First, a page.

If you follow me on Twitter, you might have noticed I was in Los Angeles last week, which doesn’t suck in the winter. I caught up with friends, took in a Clippers game, ate some fine food and enjoyed many excellent beers. During the day, though, I was at my job in marketing and communications — and heard some things I thought I’d share.
There’s a lot of sturm und drang about authors and their self-promotional efforts. Publishers certainly like to see authors doing their part online and off, be it blogging or Tweeting or going to cons — though great books by more reclusive authors still get out there. Not everybody has to be a Tweet machine, after all, and the book’s the single most important thing authors have to offer.
But let’s face it: Publicists have lots of books to promote, and yours (or mine) isn’t going to be a publicist’s sole reason for being. So we gotta do what we can, though for some readers, the constant drum-beat of promotion is a huge turn-off. That’s important to bear in mind.
Anyway, I’m pretty well suited to the promotional task, given my day job and my experience in media prior to that. Even so, I can still learn a few things, and I did this past week.
Firstly, I think it’s important to know that your blog/Facebook/Twitter/Pinterest/Instagram/Peach network isn’t the center of a reader’s universe. Some of us create a huge ecosystem of interrelated social media systems all designed to draw readers into our orbit, entertain them, and ultimately convince them to buy books. We see great blogs from the top authors out there and we want to have that same kind of success online.
Problem is, it doesn’t quite work that way.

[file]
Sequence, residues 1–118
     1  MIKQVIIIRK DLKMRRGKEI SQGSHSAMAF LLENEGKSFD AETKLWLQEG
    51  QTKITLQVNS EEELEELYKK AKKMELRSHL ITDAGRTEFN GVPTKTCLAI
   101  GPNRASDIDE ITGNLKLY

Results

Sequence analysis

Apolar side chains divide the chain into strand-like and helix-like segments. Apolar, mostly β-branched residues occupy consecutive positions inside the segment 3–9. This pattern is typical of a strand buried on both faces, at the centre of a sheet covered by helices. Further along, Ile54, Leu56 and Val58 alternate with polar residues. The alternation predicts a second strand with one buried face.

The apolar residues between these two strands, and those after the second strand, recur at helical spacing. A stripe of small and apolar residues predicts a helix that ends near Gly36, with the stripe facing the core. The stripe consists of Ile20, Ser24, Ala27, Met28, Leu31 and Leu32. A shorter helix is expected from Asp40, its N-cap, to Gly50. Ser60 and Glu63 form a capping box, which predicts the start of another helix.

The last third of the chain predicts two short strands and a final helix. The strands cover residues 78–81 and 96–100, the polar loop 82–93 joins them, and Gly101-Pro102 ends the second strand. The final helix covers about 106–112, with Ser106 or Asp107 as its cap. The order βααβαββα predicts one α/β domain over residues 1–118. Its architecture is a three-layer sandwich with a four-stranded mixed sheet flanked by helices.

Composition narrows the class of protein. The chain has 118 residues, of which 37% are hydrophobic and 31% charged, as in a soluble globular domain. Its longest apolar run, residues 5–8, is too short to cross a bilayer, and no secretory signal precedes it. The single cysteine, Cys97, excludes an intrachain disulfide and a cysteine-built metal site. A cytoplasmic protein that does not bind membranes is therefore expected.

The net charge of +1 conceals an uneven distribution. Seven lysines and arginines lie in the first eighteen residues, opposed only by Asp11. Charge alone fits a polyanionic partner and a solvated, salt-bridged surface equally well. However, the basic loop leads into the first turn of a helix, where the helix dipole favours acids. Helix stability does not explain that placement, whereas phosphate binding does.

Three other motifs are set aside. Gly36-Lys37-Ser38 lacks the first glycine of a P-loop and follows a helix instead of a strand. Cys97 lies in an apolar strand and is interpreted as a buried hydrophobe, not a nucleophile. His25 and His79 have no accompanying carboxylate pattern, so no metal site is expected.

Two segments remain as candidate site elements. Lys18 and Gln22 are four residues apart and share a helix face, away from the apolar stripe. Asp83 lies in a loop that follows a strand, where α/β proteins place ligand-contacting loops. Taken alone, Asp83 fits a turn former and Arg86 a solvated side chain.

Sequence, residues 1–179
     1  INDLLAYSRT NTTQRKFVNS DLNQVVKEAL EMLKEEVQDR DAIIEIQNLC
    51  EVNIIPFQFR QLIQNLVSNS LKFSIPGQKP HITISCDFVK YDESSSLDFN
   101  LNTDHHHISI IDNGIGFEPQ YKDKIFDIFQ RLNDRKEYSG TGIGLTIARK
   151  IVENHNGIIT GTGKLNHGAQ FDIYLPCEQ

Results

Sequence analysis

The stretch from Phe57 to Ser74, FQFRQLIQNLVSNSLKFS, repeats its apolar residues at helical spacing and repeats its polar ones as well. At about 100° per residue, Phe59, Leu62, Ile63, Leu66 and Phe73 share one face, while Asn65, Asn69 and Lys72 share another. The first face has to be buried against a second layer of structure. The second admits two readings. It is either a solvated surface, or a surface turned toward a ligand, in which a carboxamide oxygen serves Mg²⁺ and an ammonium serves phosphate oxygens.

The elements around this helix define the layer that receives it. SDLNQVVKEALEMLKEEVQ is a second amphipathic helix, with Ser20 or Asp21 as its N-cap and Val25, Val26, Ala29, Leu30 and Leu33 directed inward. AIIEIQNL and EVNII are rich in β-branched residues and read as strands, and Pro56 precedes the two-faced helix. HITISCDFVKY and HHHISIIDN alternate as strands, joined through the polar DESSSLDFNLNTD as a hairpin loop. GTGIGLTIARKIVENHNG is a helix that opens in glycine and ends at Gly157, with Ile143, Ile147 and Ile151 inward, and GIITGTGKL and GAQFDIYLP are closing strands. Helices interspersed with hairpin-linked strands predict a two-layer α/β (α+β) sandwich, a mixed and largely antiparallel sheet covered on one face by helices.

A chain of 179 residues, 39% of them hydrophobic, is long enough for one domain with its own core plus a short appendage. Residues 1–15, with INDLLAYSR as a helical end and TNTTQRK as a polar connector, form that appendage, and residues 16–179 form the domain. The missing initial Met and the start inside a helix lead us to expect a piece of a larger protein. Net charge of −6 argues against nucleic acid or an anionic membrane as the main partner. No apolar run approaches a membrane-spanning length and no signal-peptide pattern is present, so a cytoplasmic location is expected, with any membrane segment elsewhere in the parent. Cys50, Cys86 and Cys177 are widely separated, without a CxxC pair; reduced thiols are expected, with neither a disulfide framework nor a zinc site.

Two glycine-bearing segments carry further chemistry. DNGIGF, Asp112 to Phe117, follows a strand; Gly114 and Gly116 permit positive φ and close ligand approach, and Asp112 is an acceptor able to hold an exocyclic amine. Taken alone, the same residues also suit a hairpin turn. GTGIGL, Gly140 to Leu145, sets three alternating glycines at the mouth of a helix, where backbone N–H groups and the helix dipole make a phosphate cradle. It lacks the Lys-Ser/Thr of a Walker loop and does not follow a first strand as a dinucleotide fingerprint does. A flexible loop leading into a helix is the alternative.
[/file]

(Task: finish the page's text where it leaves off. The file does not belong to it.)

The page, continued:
When I think of successful author-bloggers — Scalzi and Wendig come to mind immediately — I recognize they spent years finding their voice and audience. They now have enough gravity to pull readers into their orbit solely because that’s who they are, and their readers have been there long enough to form communities around those blogs.
For most of us, we do not have the gravity to pull people into orbit, no matter how extensive our online presence is. So no matter how much we post updates about our books and our appearances, we’re still howling into the void, riding our rogue comet through the darkness with nobody paying attention. So the first thing we have to do is recognize that we’re not the center of our little universe online.
What does that mean? It means that few of you, dear readers, are coming here regularly to check on whatever I’m doing or thinking. I mean, those of you who are doing that are wonderful human beings, and I hope you’ll keep doing so! And certainly, this URL is out there in all my books, short stories, podcasts and interviews, so that’s nice. But that’s not gonna cut it in terms of social media success.
To beat this analogy into the ground further, think of the Internet as one giant galaxy. At the center is a core of hot stars — Google, Facebook, Twitter, Wikipedia, etc. — whose gravitational pull draws everything else into orbit around it. You have to create a reason for folks to travel from the core to your little rogue comet at the edge of the galaxy. You need to get noticed. How?